The positive association between d3-GHR homozygote frequencies and longevity in the three distinct populations with different demographic histories found in our study agrees with the earlier reports that reduced GH/IGF signaling may be involved in modulating human longevity and could signify a broader phenomenon. The positive relationship between the d3-GHR homozygote frequency and longevity, as well as height, suggests that decreased levels of GHR expression in homozygotes may have favorable effects on longevity. Further, whereas in most reports d3-GHR homozygote carriers are associated with short or no difference in stature, Audi et al. (19) demonstrated a tendency of the d3-GHR homozygote carriers to be taller, and Strawbridge et al. (26) reported significant 2+-inches-taller normal glucose-tolerant d3/d3 subjects in an additive model compared with the other genotypes. This general trend was further confirmed through cell culture studies, in which cells carrying GHR homozygote exon 3 deletions displayed a significantly slower rate of growth and lower activation of ERK at baseline. However, with GH treatment, d3-GHR homozygous lymphocytes showed superior growth and ERK activation, relative to homozygous WT lymphocytes. This phenomenon could be explained by the positive relationship of GHBP with longevity among AJs, further suggesting the plausibility of a consistent relationship between d3-GHR variation and GH secretion from cellular to organism levels over the life course of individuals. These observations suggest that IGF-1 may exert positive pleiotropy (45) on many traits associated with healthy longevity. Our observation that IGFBP1 is higher in the d3-GHR subjects suggests that they are more insulin-sensitive (46).

Our study provides the first consistent evidence linking the GHR to human longevity. Although our study consists of four cohorts with a total of 841 subjects, the sample size ranged from 60 to 600; hence, it is generally low relative to the sample sizes used in many association studies. Mutations in GH-related genes may exert pleiotropic (45) effects throughout the life span of individuals, which appears to be a universal feature of most if not all major longevity assurance genes. Because IGFs are found across a wide range of organisms and perform similar functions among these, as suggested by Waddington (47), they could be viewed as “canalized” genes playing a vital role in the survival of organisms across taxa. Although the GHR deletion appears to show age-, cohort-, and gender-specific effects, we hypothesize that a combination of empirical and systems analyses would provide answers toward understanding the contextual effects of GH on longevity in relation to age, stage, and gender.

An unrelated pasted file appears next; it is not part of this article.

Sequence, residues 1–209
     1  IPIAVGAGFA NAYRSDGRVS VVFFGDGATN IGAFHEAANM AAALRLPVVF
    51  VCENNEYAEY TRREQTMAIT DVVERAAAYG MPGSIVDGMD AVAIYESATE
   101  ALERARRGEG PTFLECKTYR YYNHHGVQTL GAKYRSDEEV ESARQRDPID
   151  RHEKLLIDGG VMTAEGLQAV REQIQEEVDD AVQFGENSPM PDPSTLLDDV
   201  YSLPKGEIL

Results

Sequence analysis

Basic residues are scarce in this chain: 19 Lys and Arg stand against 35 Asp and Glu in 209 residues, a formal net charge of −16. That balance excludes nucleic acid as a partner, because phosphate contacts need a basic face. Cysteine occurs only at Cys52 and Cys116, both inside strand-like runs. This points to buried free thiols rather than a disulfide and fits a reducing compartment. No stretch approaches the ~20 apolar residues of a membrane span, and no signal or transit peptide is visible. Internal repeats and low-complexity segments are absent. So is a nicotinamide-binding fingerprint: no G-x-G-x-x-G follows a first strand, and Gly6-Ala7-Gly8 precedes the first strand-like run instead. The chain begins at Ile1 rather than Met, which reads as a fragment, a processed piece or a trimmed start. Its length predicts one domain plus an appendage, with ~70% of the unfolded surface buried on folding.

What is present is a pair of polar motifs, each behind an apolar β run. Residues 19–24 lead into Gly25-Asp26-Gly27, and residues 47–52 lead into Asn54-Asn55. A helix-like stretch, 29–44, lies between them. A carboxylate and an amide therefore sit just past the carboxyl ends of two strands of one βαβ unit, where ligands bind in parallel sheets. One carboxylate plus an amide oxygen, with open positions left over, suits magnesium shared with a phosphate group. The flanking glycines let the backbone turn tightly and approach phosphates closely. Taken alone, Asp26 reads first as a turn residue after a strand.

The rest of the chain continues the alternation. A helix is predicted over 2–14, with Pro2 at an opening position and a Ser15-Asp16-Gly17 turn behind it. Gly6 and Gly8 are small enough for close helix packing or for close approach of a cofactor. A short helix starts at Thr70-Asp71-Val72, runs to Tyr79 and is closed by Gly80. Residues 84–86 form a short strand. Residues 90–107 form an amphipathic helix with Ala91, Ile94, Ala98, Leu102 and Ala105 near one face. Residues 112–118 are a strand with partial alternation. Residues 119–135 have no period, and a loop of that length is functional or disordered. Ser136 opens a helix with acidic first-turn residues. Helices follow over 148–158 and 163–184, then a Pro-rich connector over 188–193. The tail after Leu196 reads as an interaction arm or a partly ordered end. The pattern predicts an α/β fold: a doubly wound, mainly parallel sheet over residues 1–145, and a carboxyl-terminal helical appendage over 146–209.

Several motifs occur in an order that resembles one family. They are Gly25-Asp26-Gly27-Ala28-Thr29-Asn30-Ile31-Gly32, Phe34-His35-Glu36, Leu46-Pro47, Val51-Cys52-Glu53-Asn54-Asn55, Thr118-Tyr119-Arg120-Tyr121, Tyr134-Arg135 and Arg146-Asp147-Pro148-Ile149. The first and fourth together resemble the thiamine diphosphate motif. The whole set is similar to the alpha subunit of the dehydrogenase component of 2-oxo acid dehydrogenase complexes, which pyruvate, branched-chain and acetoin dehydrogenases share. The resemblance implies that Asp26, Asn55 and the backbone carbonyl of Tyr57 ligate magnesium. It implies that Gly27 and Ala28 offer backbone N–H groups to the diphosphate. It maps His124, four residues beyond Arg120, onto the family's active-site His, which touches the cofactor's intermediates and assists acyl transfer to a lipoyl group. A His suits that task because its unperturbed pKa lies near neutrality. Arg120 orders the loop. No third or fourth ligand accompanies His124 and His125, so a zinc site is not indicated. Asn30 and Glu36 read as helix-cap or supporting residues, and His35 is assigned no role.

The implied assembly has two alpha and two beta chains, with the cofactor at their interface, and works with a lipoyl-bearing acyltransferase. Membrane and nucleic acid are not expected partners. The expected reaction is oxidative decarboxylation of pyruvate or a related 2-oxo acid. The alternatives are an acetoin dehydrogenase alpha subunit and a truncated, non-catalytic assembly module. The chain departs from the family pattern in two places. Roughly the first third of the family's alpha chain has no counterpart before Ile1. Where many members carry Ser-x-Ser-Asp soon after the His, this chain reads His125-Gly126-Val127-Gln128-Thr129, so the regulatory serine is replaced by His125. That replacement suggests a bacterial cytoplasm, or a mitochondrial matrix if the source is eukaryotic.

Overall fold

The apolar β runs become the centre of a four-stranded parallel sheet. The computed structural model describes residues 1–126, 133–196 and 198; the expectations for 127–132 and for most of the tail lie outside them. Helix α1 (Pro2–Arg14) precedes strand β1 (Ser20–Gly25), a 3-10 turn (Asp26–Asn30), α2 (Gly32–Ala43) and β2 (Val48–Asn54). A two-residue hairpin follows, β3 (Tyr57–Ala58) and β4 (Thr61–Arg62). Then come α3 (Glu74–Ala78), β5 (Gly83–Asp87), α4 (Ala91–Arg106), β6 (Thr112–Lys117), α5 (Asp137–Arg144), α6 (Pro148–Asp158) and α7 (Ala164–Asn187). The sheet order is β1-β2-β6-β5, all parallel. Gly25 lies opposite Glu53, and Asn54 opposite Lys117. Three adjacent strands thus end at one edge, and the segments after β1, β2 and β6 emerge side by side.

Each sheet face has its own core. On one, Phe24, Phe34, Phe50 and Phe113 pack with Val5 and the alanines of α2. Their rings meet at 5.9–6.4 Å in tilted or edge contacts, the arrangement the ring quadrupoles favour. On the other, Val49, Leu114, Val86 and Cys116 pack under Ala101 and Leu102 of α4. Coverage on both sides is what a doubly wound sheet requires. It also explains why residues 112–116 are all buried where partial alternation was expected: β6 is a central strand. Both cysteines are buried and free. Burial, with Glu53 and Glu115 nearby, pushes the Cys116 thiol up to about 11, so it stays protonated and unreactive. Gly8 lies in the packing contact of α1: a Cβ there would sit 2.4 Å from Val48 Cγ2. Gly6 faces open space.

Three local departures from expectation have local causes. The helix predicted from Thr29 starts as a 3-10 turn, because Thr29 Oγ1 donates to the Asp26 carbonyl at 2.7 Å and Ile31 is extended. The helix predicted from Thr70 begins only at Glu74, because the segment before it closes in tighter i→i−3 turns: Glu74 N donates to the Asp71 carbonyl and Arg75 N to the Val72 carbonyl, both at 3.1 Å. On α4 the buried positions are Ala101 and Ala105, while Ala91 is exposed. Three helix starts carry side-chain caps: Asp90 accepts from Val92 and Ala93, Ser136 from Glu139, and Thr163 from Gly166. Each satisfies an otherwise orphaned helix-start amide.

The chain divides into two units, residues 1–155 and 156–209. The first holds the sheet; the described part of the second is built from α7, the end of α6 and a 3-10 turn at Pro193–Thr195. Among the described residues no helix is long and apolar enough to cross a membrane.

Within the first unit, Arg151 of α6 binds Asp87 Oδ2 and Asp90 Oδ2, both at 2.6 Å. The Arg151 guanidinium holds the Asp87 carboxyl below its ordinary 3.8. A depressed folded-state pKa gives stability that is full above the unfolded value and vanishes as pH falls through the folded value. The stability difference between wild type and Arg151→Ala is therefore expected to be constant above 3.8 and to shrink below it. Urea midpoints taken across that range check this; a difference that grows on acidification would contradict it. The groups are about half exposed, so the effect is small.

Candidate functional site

In summary, our findings suggest that the d3-GHR, as indicated by the distribution of homozygotes among the four populations examined, may be involved in modulating human longevity. These results may have implications in devising precision medicine strategies, such as GH-related interventional therapies in the elderly.

MATERIALS AND METHODS

Subjects and phenotyping

The Ashkenazi centenarian cohort (Longevity Genes Project)

The contemporary AJ population worldwide is descended from a founder population (estimated to be several thousand) originating in the 15th century. To a large extent, this population exhibits both cultural and genetic homogeneity. For these reasons, the AJ population has been successfully used in the discovery of many disease-associated genes (48). The AJ cohort in the present study, which consists of three groups: centenarians, their offspring, and controls (see below), was recruited as previously described (4952). Most of the participants in this cohort were born in or moved to the United States before World War II. The ages of 197 male AJ centenarians with exceptional longevity were 95 or above, as verified from their passports. Offspring of the long-lived centenarians consisted of 223 subjects (49.3% male and 50.7% female) with a mean age of 68.4 years (range, 49 to 88 years). The control group, used for the purpose of comparison with the offspring group, consisted of 147 individuals (64% male and 36% female) recruited from two different sources: (i) spouses of the offspring (n = 65) and (ii) a group of independently recruited AJ from the Einstein Aging Study (n = 82) (53). In the control group, we excluded individuals if the parents lived to the age of >85 years. The mean age of the control group was 71 years (range, 43 to 92 years). Because there were no differences between any measured traits or GHR genotype frequencies between the two subgroups, they were combined and were treated as one control group. A detailed medical history questionnaire was administered, and a physical examination on the AJ was performed as previously described (4951). Informed written consent was obtained from the participants in accordance with the policy of the Committee on Clinical Investigations of the Albert Einstein College of Medicine.